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Raggle Taggle


Till the End of the Plums

Jim is a ‘free range’ traditional Romany Gypsy, intent on keeping his freedom in a world increasingly hostile to Travellers.

A house-dwelling girl comes to live with him in his caravan. After many adventures her knowledge of ‘Gorjio’ ways results in them being offered a place on a local authority site.

But Jim is a romantic and, even though he has experienced how increasingly hard life is on the laybys, he rejects the site and returns to life by the roadside.


First Draft Screenplay

© All Rights Asserted

Raggle Taggle


Till the End of the Plums

Narrative Treatment of the

First Draft Screenplay

by Jeremy Sandford

But what did they fight for and why did they die?

For freedom to wander around.

But where can we wander; there’s no place to go

For they’re closing our camping grounds down.

From ‘The Hawker’s Lament’ by Duncan Williamson, a Traveller from Fife.

Raggle Taggle

Incorrigible rascal, generous father, breaker of hearts and second-hand motors, restless, caravan-dweller, spendthrift with his fivers yet a shrewd driver of bargains - that’s Jim, who inherits from his Romany Gypsy ancestry his happy-go-lucky ways, his need always to be on the move.

But, though his life lies in the tough world of scrap dealers in the industrial wasteland, he is still able to draw on a wealth of country lore from the day when, long ago, with his father and family, he travelled the countryside in a horse-drawn varda. When his child falls sick, it is to the countryside he goes to find a remedy.

And he is proud of his ability to survive anywhere. ‘Put me on the moors with an old pram and I’ll bring you back a fiver where another man will get nothing.’

We see him first on a totting expedition with friends - three lorries moving into a residential district to pick up old washing machines, etc. They go to a genteel pub where they crack jokes, swap stories, and are given the freeze by the genteel management. At the scrapyard to which they take their day’s booty, Jim’s little brother (7), who has been travelling with them, surprises them all by producing a statue of semi-precious metal he’s been given by an old lady - a present worth all the adult takings put together.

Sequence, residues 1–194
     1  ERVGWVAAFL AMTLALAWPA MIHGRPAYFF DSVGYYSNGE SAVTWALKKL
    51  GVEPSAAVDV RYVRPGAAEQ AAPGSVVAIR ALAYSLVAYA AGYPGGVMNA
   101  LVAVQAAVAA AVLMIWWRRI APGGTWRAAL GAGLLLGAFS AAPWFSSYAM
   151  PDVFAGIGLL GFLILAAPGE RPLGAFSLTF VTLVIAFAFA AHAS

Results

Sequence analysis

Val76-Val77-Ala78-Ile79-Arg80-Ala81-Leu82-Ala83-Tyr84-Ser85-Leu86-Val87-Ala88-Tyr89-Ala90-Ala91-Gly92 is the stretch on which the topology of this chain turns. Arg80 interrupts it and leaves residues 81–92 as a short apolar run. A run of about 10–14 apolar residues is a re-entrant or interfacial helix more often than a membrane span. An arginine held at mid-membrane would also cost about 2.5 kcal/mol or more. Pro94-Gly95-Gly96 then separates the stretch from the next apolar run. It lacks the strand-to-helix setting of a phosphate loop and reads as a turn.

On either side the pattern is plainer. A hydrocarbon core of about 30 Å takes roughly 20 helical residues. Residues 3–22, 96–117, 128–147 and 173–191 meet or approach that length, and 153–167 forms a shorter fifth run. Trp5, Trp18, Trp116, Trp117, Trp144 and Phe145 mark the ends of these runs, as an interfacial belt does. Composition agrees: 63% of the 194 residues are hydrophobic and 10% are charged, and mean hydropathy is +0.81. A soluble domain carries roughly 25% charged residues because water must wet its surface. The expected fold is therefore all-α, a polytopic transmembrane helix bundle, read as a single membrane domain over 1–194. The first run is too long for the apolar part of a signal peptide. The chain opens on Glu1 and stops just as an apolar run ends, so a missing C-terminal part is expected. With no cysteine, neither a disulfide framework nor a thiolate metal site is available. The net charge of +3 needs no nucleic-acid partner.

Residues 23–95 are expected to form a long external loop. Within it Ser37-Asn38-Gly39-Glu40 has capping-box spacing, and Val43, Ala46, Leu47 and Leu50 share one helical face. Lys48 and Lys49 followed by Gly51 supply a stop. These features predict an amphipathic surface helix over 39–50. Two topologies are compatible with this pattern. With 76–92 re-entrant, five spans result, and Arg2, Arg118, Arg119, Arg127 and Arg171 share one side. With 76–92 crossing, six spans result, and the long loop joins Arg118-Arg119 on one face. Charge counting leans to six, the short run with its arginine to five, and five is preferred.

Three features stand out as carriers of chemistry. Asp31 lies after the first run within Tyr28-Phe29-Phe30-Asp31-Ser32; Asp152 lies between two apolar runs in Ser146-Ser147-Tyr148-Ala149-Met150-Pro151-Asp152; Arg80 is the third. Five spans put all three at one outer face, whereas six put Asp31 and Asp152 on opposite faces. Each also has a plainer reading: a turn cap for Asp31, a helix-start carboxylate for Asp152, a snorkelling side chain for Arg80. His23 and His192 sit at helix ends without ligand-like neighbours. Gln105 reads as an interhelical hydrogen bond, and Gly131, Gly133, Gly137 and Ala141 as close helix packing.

Jim is extravagant and a deep drinker. The life of he and his family is a constant tightrope walk above an abyss of insolvency. Jim walks the rope with style and a reckless enthusiasm - despising nine-to-fivers for the sedentary ways; pulling off a successful coup only to destroy it next moment by some improvident act. ‘The free life is the best life.’

Recently, though, Jim has been troubled by a recurring image - he’s not sure if its real or fantasy - of a good looking young woman standing by the road and giving the hitchhiking sign, at night, on lonely roads. He speaks of it to his friends and is beginning to become spooked by it.

His mood becomes more withdrawn and introspective. This is noticed by his Mum as the Gypsies go about their daily tasks where a number of them are camped on a common.

When returning from totting a day or so later Jim sees the same young woman. This time he stops to pick her up. Her name, he learns, is Maggie. She is not a Gypsy.

On his first date with her, Jim tries to disguise from her that he’s a Gypsy. She blows the wind from his sails by telling him she knows he’s a Gypsy and has always thought she might like to go out with a Gypsy.

A day or so later Jim takes Maggie out to the common where his extended family are living. Maggie is subjected to considerable scrutiny by the Gypsies and given advice, some friendly, some hostile.

‘The Prince’, Jim’s uncle, gives Maggie instructions on fortune-telling, spells, and Gypsy habits generally. She doesn’t take these all that seriously. At one point he forces Jim to accept a bit of paper on which is scrawled a terrible curse which, he says, Jim may one day have a use for.

Maggie mentions that she was taken, as a schoolgirl, to a pile of hundreds of rusty cars in a remote part of Wales. Might they be of interest? She’s been told no-one knows who owns them.

Without a second thought, Jim sets out, with Maggie, to find it. To take a vehicle and elope in it is a traditional Romany way of announcing an engagement.

It is indeed a huge dump with hundreds of cars. Jim and Maggie arrive at the huge pile of cars. A day or so later the ‘owner’ arrives, demanding £1,000. Jim knows that, broken up, the cars will be worth a lot of money. He visits a local Gypsy Traveller Site, sells his caravan and returns to explain to Maggie that they will now be living in the cars. A rusty snowmobile is the master bedroom.

Maggie tells Jim she is pregnant.

Maggie throws herself into the new life but it gets to be hard for her. She finds Jim’s Gypsy and unpredictable ways too much for her, especially his arrangements for her having the baby. She tries to talk to him about this but he won’t. She says she may have to go. They have a series of bickering rows of increasing intensity.

Maggie runs away and Jim realises too late she was in earnest.

We see her back home. Suburban life with her mother feels claustrophobic after the Gypsy life.

Meanwhile Jim slowly works through the huge pile of cars, breaking them up and taking the bits to the scrap yard. He’s given a huge wadge of money. Jim is now rich, but he’s lonely because Maggie is no longer there to share with him. His life seems arid and pointless.

Jim is living in a pickup van and visits Appleby Fair in Westmorland, a great Gypsy meeting place.

Jim’s family are there and they welcome him back. We see many vignettes of this fantastic Romany get together.

‘There’s somebody here to see you, by the way,’ says his father, and there stands Maggie with his baby son. She has come over to Appleby, knowing that Jim would turn up sooner or later.

Jim’s extended family are thrilled with Maggie now that she has a baby. Jim is delighted and he and Maggie are reconciled. Jim, Maggie and the baby travel together.